SOUTHAVEN, Miss. (AP) -- A family plans to sue after Mississippi police went to the wrong house and ended up killing a man, lawyers said Thursday, and they suggested that a state investigative report they obtained in court would bolster their case.
Attorneys for Ismael Lopez's relatives said they'll sue the city of Southaven and two officers who fired shots, news outlets reported. Lopez was shot inside his home on July 23, 2017, as officers were trying to locate a suspect who lived across the street.
District Attorney John Champion said in July that grand jurors declined to indict anyone, saying at least one officer saw Lopez sticking a rifle out the door.
State investigators concluded the door was slightly ajar when one bullet passed through, and was open a little wider when another bullet went through.
"It is unknown if the door was open or closed when the projectile passed through it and struck the victim in the base of his skull," the Mississippi Bureau of Investigation report says.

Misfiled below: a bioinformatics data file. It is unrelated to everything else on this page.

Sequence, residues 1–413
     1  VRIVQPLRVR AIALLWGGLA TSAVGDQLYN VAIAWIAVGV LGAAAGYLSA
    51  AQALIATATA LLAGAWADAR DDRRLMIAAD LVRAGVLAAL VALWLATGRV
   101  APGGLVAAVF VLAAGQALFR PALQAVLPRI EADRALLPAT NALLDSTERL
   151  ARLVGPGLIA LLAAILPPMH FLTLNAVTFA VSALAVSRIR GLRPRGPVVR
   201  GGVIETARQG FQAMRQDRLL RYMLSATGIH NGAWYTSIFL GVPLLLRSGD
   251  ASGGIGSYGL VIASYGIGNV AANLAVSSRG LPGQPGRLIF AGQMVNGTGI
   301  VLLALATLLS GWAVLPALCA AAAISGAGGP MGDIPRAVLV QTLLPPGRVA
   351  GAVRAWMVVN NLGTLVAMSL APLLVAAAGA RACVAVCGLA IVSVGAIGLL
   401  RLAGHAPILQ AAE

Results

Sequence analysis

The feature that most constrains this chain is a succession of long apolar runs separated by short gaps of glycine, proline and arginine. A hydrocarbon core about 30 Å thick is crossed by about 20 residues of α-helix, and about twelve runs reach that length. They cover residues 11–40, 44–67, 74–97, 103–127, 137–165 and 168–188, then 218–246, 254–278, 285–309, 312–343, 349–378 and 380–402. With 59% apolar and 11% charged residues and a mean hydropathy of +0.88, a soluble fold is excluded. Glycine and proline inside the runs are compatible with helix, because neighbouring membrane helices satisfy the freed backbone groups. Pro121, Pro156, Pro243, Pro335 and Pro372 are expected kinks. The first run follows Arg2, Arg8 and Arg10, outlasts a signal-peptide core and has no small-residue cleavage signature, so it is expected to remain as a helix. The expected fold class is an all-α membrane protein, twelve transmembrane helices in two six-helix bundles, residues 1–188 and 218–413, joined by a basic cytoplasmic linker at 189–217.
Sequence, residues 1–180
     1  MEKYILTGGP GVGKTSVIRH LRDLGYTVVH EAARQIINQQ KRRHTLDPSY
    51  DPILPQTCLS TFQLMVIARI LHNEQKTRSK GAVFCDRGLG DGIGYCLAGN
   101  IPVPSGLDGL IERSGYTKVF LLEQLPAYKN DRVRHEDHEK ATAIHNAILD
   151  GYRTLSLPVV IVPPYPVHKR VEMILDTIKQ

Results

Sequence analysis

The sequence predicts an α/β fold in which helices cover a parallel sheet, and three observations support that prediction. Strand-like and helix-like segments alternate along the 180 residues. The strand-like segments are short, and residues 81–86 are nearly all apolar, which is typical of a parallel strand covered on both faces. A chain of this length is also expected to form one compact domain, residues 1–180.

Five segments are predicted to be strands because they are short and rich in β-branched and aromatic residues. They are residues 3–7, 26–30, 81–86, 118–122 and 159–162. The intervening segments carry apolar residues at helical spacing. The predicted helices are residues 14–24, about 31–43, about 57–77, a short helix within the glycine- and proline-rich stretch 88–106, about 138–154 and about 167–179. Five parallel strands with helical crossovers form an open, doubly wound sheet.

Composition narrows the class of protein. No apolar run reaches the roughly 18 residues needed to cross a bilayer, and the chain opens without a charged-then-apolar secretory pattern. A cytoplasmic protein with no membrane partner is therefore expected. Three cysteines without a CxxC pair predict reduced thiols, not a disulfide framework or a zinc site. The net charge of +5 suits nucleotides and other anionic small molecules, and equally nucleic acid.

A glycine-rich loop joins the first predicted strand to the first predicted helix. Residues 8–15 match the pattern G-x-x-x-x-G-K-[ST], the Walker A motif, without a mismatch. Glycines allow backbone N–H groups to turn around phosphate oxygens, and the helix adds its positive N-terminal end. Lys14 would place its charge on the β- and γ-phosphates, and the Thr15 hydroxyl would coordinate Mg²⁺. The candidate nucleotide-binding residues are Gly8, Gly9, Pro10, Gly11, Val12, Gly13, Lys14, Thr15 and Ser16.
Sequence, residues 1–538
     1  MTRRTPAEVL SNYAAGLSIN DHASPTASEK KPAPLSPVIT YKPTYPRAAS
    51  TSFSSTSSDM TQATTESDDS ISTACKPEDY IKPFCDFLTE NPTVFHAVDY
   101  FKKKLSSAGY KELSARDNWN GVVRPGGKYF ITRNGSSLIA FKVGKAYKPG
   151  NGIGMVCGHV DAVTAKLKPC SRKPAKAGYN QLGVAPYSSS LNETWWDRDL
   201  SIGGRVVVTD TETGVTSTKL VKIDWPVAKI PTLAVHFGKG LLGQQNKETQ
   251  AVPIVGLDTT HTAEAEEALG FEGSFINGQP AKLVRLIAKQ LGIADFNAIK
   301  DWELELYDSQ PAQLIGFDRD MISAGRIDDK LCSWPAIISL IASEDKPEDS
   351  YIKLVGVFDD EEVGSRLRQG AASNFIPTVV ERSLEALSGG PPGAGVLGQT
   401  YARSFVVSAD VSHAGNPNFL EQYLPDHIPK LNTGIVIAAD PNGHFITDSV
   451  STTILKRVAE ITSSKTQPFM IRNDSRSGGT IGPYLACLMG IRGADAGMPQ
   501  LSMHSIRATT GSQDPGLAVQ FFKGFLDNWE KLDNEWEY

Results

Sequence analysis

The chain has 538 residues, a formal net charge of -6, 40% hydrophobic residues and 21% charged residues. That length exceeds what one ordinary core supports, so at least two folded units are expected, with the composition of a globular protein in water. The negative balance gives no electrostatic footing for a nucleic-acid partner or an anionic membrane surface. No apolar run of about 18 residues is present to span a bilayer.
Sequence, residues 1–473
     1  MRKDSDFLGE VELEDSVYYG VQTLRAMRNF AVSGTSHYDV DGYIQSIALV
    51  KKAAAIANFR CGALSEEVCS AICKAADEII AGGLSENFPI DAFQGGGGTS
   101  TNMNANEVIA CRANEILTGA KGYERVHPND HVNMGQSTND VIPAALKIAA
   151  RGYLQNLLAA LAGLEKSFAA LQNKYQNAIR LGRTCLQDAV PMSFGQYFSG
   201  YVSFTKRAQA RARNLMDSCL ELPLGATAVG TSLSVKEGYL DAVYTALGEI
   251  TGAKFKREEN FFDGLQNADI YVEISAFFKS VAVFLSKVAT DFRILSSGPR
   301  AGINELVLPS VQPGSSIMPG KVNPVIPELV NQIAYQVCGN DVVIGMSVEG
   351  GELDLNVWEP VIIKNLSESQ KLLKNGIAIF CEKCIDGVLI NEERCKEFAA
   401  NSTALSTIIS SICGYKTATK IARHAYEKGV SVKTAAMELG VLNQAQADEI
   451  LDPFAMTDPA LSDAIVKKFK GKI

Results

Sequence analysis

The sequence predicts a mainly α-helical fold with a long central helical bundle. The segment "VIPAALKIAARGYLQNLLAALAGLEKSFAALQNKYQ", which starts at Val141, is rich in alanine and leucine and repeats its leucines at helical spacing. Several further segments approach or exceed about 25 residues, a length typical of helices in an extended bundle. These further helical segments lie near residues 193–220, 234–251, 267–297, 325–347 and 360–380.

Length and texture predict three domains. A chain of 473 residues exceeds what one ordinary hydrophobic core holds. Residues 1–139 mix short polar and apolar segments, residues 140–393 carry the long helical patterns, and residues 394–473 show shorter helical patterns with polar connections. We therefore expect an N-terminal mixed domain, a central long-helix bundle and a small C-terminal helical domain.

Lawyers for the Lopez family acknowledge that a .22-caliber rifle was found near the door, but they dispute that the mechanic pointed it, saying his body was found some distance away inside the mobile home.
"I have very serious questions about whether this is an accidental shooting and a cover-up, and that the gun was conveniently used as part of cover-up to explain why a relatively young officer went blazing through a closed door," attorney Murray Wells said.
Wells suggested that one Southaven officer heard another shoot at Lopez's dog, prompting the first officer to shoot into the house through the front door, fatally wounding Lopez.
But Tony Farese, a lawyer for officers Samuel Maze and Zachary Durden, said Lopez was to blame because officers saw him point the rifle through a partly opened door. The report shows investigators concluded Maze fired at a pit bull that ran out the front door, while Durden fired at the door, including the bullet that went through the door and struck Lopez in the back of the head, fatally wounding him.
"Bottom line is, it's a justified shooting," Farese said. "DA's looked at it. FBI's looked at it. When people knock at your door and you point a gun at uniformed police officers — that's not the way I go to the door."